• Sweatbox Youth Club in Wantage is still operating (virtually) offering online activities such as quizzes as well as support for those suffering mental-health problems – click here to visit its FB page.
• The week’s Herald reports on p3 that the government is investing nearly £100m to the Harwell Science and Innovation Campus in order to speed up work on a Covid vaccine.
• The same paper returns, on p5, to the story of the mysterious local benefactor who has funded The Fox in Denchworth to supply fish and chips every Friday for any villager that wants them. S/he is now offering £100 to any resident who can lose 10% of their body weight in the next two months.
• The Leader of the Vale council has written to the Biffa staff thanking them for keeping the area’s waste-collection services going.
• The latest government business grants scheme will not provide anywhere near enough cash to support the vast majority of businesses in southern Oxfordshire affected by the COVID-19 pandemic according to the Vale and South Oxfordshire Councils.
• General information here from the Vale Council here about waste collection services in the area.
• Click here for information about online entertainment available from Cornerstone and The Beacon.
• Businesses across Oxfordshire (including those which already receive 100 per cent rate relief) that are yet to submit their details for grant support in response to CV-19 should do so as soon as possible.
• Julie Mabberley’s regular column on p8 of the Wantage & Grove Herald looks at some of the ideas proposed in the Oxfordshire Local Transport and Connectivity Plan, which will influence the County Council’s views on its transport policies for the next three decades. The longer article on the same page looks at the same issue and includes an artist’s impression of a flying taxi which strongly reminds me of an illustration from a Ladybird book called something like Life in the Future which I remember reading about 50 years ago. I suppose the future has to arrive some time, doesn’t it?
• All charges are suspended in the District Council car parks at The Beacon and on Limborough Road until 1 June and during this time you do not have to display a ticket. Any outstanding car park permits, recently expired or due to expire, will also be honoured until that date – permit holders therefore do not need to take any action before then.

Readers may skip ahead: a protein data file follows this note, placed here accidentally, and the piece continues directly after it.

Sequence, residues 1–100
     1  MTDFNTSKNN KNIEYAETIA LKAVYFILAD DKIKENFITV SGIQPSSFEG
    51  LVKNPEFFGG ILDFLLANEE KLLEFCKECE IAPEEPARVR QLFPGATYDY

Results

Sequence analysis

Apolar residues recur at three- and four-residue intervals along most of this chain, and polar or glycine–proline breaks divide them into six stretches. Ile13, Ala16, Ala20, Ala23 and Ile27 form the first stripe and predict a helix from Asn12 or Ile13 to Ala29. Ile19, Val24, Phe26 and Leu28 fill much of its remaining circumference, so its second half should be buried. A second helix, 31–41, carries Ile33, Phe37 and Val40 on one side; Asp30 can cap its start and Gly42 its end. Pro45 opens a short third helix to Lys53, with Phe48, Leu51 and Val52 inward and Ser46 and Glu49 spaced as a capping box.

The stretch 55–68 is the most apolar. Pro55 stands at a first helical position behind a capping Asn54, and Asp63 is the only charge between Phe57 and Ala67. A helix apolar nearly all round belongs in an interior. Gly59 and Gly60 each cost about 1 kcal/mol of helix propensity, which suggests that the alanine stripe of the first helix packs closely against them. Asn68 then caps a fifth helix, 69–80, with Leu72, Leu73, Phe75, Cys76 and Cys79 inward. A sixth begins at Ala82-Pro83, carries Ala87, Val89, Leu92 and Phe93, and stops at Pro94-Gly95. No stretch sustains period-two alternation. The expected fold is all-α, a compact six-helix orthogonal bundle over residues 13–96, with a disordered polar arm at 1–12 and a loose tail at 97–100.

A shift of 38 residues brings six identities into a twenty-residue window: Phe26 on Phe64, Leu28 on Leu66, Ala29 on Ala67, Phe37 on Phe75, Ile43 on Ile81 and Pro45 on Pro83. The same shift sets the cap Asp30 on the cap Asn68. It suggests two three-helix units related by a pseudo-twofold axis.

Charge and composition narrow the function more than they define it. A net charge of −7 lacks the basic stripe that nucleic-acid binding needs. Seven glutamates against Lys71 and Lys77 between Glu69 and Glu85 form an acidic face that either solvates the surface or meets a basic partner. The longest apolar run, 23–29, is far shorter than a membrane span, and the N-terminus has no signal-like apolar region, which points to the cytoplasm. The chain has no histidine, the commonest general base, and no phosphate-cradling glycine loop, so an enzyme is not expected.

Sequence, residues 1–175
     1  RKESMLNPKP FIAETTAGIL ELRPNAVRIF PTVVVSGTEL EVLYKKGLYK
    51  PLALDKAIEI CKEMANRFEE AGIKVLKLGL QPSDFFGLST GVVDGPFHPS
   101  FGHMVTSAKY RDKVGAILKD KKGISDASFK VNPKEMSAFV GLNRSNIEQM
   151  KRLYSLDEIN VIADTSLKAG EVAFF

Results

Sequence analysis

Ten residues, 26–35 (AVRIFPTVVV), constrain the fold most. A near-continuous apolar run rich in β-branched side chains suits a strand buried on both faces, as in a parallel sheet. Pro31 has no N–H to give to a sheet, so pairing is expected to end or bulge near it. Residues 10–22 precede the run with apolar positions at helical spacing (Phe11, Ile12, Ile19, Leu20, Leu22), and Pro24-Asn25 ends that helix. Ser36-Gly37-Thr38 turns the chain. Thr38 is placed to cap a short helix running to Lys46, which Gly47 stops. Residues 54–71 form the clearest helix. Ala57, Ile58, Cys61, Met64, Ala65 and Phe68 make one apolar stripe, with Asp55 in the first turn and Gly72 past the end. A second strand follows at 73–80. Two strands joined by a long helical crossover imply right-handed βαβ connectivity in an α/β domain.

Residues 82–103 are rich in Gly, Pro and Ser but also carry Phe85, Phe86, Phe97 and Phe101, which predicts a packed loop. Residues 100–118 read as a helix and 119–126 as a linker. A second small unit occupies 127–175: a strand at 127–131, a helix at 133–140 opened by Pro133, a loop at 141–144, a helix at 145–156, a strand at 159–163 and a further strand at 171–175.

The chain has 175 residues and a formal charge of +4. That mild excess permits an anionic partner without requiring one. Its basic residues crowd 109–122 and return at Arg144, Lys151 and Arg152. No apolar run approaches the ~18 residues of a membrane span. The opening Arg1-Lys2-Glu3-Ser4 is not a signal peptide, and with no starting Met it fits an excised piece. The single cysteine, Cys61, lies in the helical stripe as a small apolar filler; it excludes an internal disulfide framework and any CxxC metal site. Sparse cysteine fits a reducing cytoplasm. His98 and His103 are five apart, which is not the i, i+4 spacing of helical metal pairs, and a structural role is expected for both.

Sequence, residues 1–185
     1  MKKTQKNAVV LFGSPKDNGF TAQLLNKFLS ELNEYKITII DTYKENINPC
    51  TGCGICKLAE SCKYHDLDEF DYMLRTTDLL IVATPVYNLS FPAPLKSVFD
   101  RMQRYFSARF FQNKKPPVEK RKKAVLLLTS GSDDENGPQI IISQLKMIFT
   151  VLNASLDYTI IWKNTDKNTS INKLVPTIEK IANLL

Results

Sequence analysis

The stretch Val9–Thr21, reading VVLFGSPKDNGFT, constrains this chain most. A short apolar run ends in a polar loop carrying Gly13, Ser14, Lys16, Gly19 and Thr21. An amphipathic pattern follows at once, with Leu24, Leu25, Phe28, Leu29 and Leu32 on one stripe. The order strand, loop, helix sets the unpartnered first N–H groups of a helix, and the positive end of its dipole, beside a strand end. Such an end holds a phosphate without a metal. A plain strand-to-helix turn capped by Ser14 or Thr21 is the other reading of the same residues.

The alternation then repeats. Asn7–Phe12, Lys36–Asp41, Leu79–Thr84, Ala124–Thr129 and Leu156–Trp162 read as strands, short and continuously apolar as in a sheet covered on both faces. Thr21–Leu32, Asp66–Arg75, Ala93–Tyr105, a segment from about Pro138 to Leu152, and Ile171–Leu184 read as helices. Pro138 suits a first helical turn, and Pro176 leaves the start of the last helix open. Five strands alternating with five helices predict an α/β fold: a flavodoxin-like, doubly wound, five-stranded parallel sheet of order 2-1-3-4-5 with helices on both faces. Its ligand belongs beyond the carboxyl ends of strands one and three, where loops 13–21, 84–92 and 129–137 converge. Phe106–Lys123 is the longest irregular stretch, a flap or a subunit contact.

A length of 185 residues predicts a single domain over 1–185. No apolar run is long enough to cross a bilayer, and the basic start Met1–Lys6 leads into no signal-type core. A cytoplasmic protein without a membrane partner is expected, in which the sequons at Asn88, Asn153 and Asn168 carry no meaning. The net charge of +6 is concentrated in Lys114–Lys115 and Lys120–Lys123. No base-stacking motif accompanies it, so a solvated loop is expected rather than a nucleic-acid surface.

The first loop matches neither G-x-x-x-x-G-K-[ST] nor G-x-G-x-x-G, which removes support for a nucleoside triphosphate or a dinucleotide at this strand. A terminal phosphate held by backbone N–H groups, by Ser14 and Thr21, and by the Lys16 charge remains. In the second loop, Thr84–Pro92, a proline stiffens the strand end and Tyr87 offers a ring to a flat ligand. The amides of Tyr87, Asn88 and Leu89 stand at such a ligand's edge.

• Click here for other news from the Wantage and Grove Campaign Group.
• Click here for information the Didcot, Abingdon and Wantage Talking Newspaper (DAWN) for the blind and partially sighted. The organisers are currently appealing for help to keep the service going – click here for details.
• Click here for information on the location of defibrillators in and around Wantage.
Swindon & district
• Latest news from Swindon Borough Council.
• Swindon Summer Music Festival is a new online music festival that will showcase the very best local talent on 4 and 5 July.
• Swindon Council is encouraging members of the pubic who have Covid-19 symptoms to register for a test following the expansion of the government’s National Coronavirus Testing Programme.
• Parents and carers who have been classed as key workers can take advantage of further free childcare courtesy of Swindon Borough Council during May half-term next week.
• People are being asked if they could spare a few minutes to put smiles on the faces of isolated residents as Swindon Borough Council launches a new initiative to help those who live in care homes.
• Parking season tickets which were due to expire during the coronavirus lockdown period will be automatically extended free of charge by Swindon Borough Council
• Motorists will notice major changes to the M4 motorway near Swindon from Monday 18 May when a huge engineering project moves up a gear.
• The Council is urging local businesses and organisations which might be eligible for government grants to apply if they are yet to do so.
• In common with our councils and fire services, Swindon Council and the Wiltshire and Dorset Fire Service are urging residents not to light bonfires during the pandemic.
• Click here for information from Swindon Council about how Coronavirus is affecting its services as well as other useful information.
• Swindon Borough Council will prioritise certain waste collections over the coming months amid the continuing Coronavirus crisis.
• Bus-pass restrictions have been lifted for older and disabled people in Swindon.
• Click here for details of the many volunteering opportunities at Great Western Hospital.
The song and the quiz
• The Song of the Week is…er…OK, when in doubt pick something – anything – by Steely Dan and you can’t go wrong. Here’s a piece of solid gold from 1976, Kid Charlemagne, which features some of the best bits of guitar playing you’ll ever be lucky enough to welcome into your head. As with all their songs, it’s immaculately performed and tells a carefully-wrought story. Pop or jazz/funk or funk/rock or whatever it is at its very, very best.
• And so we lurch towards the Quiz Question of the Week. This week’s question is: There were three battles in England in September and October 1066. Fulford was the first and Hastings the third. What was the second one? Last week’s question was: On what date did the UK leave the EU? This happened on 31 January 2020. Can you remember that far back?